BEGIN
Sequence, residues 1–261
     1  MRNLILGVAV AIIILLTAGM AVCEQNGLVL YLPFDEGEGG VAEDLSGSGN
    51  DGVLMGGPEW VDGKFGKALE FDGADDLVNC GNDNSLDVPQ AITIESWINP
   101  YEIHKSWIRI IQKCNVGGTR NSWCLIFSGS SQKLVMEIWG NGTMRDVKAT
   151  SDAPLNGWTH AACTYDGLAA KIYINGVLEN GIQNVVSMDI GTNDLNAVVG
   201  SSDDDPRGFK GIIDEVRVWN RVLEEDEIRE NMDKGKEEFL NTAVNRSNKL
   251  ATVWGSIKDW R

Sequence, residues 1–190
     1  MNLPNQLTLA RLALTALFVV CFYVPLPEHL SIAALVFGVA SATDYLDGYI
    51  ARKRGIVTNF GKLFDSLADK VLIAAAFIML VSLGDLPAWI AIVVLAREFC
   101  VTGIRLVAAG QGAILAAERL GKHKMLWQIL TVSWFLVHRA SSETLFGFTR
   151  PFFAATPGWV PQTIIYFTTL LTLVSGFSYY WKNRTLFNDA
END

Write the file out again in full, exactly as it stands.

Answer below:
Sequence, residues 1–261
     1  MRNLILGVAV AIIILLTAGM AVCEQNGLVL YLPFDEGEGG VAEDLSGSGN
    51  DGVLMGGPEW VDGKFGKALE FDGADDLVNC GNDNSLDVPQ AITIESWINP
   101  YEIHKSWIRI IQKCNVGGTR NSWCLIFSGS SQKLVMEIWG NGTMRDVKAT
   151  SDAPLNGWTH AACTYDGLAA KIYINGVLEN GIQNVVSMDI GTNDLNAVVG
   201  SSDDDPRGFK GIIDEVRVWN RVLEEDEIRE NMDKGKEEFL NTAVNRSNKL
   251  ATVWGSIKDW R

Sequence, residues 1–190
     1  MNLPNQLTLA RLALTALFVV CFYVPLPEHL SIAALVFGVA SATDYLDGYI
    51  ARKRGIVTNF GKLFDSLADK VLIAAAFIML VSLGDLPAWI AIVVLAREFC
   101  VTGIRLVAAG QGAILAAERL GKHKMLWQIL TVSWFLVHRA SSETLFGFTR
   151  PFFAATPGWV PQTIIYFTTL LTLVSGFSYY WKNRTLFNDA